Here's my "Eventide" pullover, one of my comfy favorites. In the spirit of fun, this one was made as a roomy, over-sized raglan sweater. Every woman needs at least one, tho I prefer multiples. This number highlights my favorite, the Aran. You'll likely see this panel or it's variations incorporated again, as I've used them in a few of my unreleased designs already. Embracing looser fitting garments lately, this is one of  my go to cozy tops. (Seems I have a lot more of those the older I get, hehe.) I love wearing this with the sleeves rolled up to give the illusion of 3/4 sleeves with bulky cuffs. In hindsight, I could've double stranded the sleeve ends & knit them in reverse stockinette in lieu of long, but this way leaves me with the option to unroll on a chilly eve. The size 10 needles give this good old workhorse Caron SS an airy look that has good drape and wears well in most seasons! I was eager to use what I had a lot of on hand at the time. No waste! I threw in some crochet trim for the neckline & simple eyelets line the bottom edge and wristbands when unrolled. Little additions polish up a piece beautifully! I've said it before - knit & crochet pair well in my opinion. When it comes to making something for me only, (not my published designs), I don't always like sticking to textbook rules of do this/don't do this when it comes to needles size & yarn selection. Adventures in knitting! It's quite educational to look at a finished piece and implement things that I wish I'd done into my new designs. Don't misconstrue what I'm saying...formula is crucial for garment design. I generally don't like inhibiting creativity with suggested needles sizes and such...they're just that, suggestions. Swatching shows how the same stitch worked in different gauges can take on an entirely different feel. If it works, I run with it. Call it "yarnarchy." Hehe. This one was freeplay knitting just for me.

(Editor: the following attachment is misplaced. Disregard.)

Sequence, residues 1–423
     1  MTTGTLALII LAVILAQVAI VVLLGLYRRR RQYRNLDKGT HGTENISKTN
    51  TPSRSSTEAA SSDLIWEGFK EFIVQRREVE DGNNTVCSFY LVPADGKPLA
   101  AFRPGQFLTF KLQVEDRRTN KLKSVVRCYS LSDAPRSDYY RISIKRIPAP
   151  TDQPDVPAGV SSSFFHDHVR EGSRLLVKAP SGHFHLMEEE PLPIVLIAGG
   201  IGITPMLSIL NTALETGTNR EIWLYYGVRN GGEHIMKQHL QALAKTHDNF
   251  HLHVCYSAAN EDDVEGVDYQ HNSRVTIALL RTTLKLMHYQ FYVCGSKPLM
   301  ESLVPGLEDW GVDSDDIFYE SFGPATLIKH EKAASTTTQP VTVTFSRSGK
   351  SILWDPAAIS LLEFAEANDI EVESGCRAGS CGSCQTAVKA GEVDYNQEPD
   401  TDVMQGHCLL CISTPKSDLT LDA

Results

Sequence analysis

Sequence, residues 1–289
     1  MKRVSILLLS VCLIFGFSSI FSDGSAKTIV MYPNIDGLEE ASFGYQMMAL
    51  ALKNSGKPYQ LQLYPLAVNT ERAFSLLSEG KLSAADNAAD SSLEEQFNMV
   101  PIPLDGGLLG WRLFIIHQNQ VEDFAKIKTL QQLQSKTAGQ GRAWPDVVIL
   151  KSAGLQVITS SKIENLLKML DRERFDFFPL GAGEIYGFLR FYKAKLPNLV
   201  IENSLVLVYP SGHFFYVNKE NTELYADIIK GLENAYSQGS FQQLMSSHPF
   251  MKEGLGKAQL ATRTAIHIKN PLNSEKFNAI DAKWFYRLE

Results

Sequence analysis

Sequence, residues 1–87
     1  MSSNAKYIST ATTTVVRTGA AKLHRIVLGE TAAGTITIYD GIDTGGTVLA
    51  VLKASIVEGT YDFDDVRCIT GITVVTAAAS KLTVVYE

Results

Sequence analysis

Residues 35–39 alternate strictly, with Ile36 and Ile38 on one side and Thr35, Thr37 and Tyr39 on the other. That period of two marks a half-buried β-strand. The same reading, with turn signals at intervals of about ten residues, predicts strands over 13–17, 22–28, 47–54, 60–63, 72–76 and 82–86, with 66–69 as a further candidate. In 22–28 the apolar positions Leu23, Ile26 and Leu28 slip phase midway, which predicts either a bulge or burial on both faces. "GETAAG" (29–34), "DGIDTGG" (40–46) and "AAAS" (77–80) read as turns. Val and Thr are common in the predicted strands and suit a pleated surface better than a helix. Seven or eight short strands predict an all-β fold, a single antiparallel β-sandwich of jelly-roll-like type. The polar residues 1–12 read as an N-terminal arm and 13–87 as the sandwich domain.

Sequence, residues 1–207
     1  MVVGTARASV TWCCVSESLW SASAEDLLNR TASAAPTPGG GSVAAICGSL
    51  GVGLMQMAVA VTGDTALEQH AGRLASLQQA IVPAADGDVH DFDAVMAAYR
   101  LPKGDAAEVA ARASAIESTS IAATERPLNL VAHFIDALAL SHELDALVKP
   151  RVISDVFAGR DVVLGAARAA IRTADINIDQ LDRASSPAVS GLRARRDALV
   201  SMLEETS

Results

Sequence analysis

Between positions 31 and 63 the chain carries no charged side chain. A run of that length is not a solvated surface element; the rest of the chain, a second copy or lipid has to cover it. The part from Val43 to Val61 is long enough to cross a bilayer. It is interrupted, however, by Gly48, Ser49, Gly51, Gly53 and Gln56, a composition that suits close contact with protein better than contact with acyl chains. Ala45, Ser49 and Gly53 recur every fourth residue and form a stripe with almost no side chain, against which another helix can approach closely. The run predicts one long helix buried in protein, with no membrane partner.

When designing for others, calculations and standards are there for a reason...and shouldn't be discarded. That said, I love the adventure of the process - playing with contrast & irregularities to see what artsy pizzazz results. Many of my pieces are worked on slightly larger needles than they technically "should be" when I'm enjoy a little "winging it" knitting. More often than not, the end result can be an awesome surprise. Some of my most cherished creations come from ideas that shifted in another direction...so be creative, and don't fear trying to work outside the standard...it can be quite exciting & equally rewarding when you find you have a brand spankin' new, one of a kind fave top, accessory, etc! Trial & error make for great fun, defy the norm with a small project & see where it takes you, but always check your gauge and always swatch, especially when constructing a garment.  =)